Friday, October 30, 2009

Weed and Seed youth to tour media center

• KINGSPORT — South Central Kingsport Weed and Seed’s Project Safe Neighborhood youth will tour the Niswonger Digital Media Center on East Tennessee State University’s campus Tuesday. The group will leave from the Fresh Start Foundation, 1140 Martin L. King Drive, at 4:45 p.m. Parents are invited to join but must provide their own transportation. Project Safe Neighborhood participants’ transportation will be free.

Sunday, October 25, 2009

"Be A Bone Marrow Match" Hits Home in Riverview

Back in the spring, Andrew Dover started getting tired much easier.

"I'd walk up the stairs at my job at the Johnson City Specialty Hospital," he says, "and I'd be so tired at the top, I'd have to sit down. My supervisors were catching me sitting down when I was supposed to be working, and I would tell them 'when you see me sitting down,I just don't feel too good. In my mind, I'm thinking 'well I can't keep telling 'em that, I'm gonna get fired. I'd better get to the doctor and see what's making me so tired all the time."

That fateful day in April, was a life-changing experience.

"I was really feeling good in the doctor's office after he did some tests," says Andrew, "and I told the doctor that. He said, 'well, that's fine, but I;m going to have to put you in the hospital today. TODAY.. I mean, right away."

"You have leukemia.. chronic leukemia."

Those five words hit Andrew like a ton of bricks, but explained a lot. Extreme tiredness is one of the major symptoms of chronic leukemia that often goes un-noticed by its victims.

"I asked him if I could first go talk to my mother, my sister, and he said fine, but I need to check you in TODAY. Although I still felt pretty good, but tired easily, they checked me in. The rest of the day went by in slow motion."

Chronic leukemia is caused by too many white cells in the blood. In the United States, more than 20,000 people have it, and about 4,600 new cases are diagnosed every year, according to the Cancer Center of America. Often, people do not notice any symptoms at all, blaming the tiredness, headaches, or enlarged spleen on something else. Of the two forms of leukemia, chronic is the easier to treat; acute leukemia attacks the body much more aggressively.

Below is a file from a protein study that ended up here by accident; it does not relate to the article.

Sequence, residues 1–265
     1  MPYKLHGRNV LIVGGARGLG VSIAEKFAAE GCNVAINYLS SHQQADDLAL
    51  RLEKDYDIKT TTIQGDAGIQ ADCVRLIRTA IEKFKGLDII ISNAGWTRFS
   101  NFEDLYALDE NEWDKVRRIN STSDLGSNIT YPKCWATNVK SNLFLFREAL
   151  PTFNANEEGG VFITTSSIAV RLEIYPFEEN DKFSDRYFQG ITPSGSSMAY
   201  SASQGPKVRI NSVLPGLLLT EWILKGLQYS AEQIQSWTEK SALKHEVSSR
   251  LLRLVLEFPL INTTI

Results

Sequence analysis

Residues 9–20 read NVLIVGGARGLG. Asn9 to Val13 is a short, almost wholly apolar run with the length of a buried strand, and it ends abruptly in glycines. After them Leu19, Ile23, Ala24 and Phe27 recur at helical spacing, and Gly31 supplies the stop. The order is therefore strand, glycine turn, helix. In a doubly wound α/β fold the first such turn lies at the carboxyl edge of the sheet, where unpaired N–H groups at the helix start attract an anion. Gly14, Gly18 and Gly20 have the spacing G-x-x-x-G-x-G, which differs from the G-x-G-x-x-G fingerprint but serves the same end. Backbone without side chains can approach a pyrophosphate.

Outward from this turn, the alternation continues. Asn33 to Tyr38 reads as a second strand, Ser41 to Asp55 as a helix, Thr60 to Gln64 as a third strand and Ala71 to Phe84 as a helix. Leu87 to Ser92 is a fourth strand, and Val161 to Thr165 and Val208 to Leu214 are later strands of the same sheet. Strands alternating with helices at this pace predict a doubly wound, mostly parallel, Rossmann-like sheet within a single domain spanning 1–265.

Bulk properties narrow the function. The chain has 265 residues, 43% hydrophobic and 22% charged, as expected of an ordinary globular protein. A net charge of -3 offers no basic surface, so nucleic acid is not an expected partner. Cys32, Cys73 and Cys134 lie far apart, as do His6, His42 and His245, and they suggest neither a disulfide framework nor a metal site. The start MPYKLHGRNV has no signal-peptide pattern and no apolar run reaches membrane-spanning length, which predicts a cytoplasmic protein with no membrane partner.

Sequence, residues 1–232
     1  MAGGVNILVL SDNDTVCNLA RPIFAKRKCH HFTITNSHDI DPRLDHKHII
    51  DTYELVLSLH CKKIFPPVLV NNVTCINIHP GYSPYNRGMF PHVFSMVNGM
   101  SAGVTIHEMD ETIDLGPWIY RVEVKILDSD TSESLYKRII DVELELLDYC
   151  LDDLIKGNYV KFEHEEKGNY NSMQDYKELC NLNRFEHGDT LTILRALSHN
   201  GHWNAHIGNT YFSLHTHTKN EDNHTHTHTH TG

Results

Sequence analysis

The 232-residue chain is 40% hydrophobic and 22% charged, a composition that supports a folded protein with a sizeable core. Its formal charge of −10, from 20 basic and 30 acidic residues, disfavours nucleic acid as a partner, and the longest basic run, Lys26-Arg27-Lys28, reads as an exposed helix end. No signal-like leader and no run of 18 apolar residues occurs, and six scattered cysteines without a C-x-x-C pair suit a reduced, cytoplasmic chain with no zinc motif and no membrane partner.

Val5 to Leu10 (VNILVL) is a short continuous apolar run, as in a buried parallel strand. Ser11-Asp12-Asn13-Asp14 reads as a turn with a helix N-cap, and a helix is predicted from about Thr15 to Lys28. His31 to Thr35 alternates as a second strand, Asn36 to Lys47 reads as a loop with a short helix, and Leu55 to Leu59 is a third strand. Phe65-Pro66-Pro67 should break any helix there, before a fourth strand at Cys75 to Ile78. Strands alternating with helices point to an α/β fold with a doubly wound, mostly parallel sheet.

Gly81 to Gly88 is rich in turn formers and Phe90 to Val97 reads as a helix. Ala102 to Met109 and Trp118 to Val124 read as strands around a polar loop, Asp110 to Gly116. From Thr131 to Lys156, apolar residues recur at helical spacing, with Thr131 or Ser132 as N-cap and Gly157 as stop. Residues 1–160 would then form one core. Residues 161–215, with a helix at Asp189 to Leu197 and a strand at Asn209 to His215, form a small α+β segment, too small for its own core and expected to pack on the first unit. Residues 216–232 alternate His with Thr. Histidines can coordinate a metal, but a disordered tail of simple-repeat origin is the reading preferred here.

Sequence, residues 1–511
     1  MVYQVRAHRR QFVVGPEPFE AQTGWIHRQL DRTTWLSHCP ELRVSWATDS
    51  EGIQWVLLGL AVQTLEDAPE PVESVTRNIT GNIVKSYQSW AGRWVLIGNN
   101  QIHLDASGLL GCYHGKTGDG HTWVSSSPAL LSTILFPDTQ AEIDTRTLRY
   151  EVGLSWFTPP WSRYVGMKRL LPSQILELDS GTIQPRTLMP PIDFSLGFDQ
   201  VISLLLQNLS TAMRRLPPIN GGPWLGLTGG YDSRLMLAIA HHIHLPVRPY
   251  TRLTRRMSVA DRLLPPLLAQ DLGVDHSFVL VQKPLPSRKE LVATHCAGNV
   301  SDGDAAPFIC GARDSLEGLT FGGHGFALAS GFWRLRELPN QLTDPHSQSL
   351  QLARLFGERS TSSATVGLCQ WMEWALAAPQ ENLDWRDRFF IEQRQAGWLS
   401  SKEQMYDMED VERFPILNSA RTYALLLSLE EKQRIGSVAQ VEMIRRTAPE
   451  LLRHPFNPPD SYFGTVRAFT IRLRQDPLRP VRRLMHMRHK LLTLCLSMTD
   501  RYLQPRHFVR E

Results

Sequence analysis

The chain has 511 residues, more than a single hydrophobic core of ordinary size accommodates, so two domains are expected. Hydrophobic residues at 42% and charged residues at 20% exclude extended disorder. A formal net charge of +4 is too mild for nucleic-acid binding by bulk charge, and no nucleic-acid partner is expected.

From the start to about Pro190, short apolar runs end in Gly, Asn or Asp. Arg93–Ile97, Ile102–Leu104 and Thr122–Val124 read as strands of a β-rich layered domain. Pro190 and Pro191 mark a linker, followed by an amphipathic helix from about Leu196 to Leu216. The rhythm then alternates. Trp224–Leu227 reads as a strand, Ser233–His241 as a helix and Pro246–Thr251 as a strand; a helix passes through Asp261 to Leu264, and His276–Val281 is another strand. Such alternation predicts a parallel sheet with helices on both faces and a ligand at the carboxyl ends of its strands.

"When I went to Vanderbilt Hospital in Nashville, the doctors started talking to me about the possibility of a bone marrow transplant," Andrew says, "if a person matches to my exact bone marrow. If they can give me enough bone marrow, it would get my system to make new white cells and even out the count."

"There just are not as many donors out there as are needed," he said, "and that's potentially life-threatening."

That's why Andrew came to the "Be The Match" Bone Marrow Transplant Drive, held at the Bethel AME Church in Riverview on Saturday, October 24, 2009. He was there to offer encouragement to people who stopped by to be swabbed and have their results sent off to see if somebody matches them...somewhere.

To see pictures of the bone marrow drive at Bethel, please click Bone Marrow Transplant at Bethel.

"It warms my heart to see my friends and neighbors come out to offer themselves as bone marrow transplant possibilities," he says. "It makes me feel good that people are willing to come out and help. It's not just for me, it's for everybody. Even if they don't match up with me, they might match up with somebody else around the country."

Andrew knew most of the Riverview folks being tested this evening.. some people he did not know. One of those was Ronald Mitchell, formerly of Chattanooga. He and his family have lived in Kingsport the past 11 years, and didn't think too much about the importance of possibly being a bone marrow transplant. That is, until he heard about the drive.

"It really hit me hard," he says. "Just to think that I might have something that might save somebody's life. It makes me feel kind of special, knowing that I, and other people, are needed. People need this kind of help, and it's people you don't even know. Being the kind of person that I am, it sort of moved me into that feeling, where I'm also interested in what's going on in other people's lives, and where they might need help."

"My daughter was very interested in the program, once she heard what it involves," says Ronald. "It kinda put in her mind that at some point, everybody in this world needs somebody else at some point, whether they know them or not. Mwife was kinda sheltered about my decision. We talked about it, and I said, 'I might not be a match, but just think.. if I am, the life of a senior citizen could be saved, the life of a little baby could be saved. A person who has suffered through the illness all of their life, COULD BE SAVED with a transplant. You don't know where your bone marrow is going, but it doesn't matter. Knowing that I could be a part of that, means a great deal to me, and she understood."

"We all have the power to help and the power to give hope."

That is the motto of the new "Be The Match" registry program operated by the National Marrow Donor Program (NMDP). The program has been around for the past 20 years, giving hope and saving lives through matching bone marrow transplants. The N.M.D.P says the lives of thousands of people have been save from transplants of bone marrow and unbilical cord blood.

"I'm pretty optmistic about finding a match one day," Andrew says. "Until then, I'd had to completely change my life around. No more working in the yard.. I like to mow my grass, work in the yard, but the doctors won't let me do that now. I might sink to a level that I can't bounce back from. I was hoping to grow old, be an old man, retire early. 6 more years, I could retire at 62, and maybe find a less-strenuous job just to keep busy. God had a different plan for me, and now He wants me to travel around and tell people how to beat this illness, how to cope with it, and how important bone marrow donation is."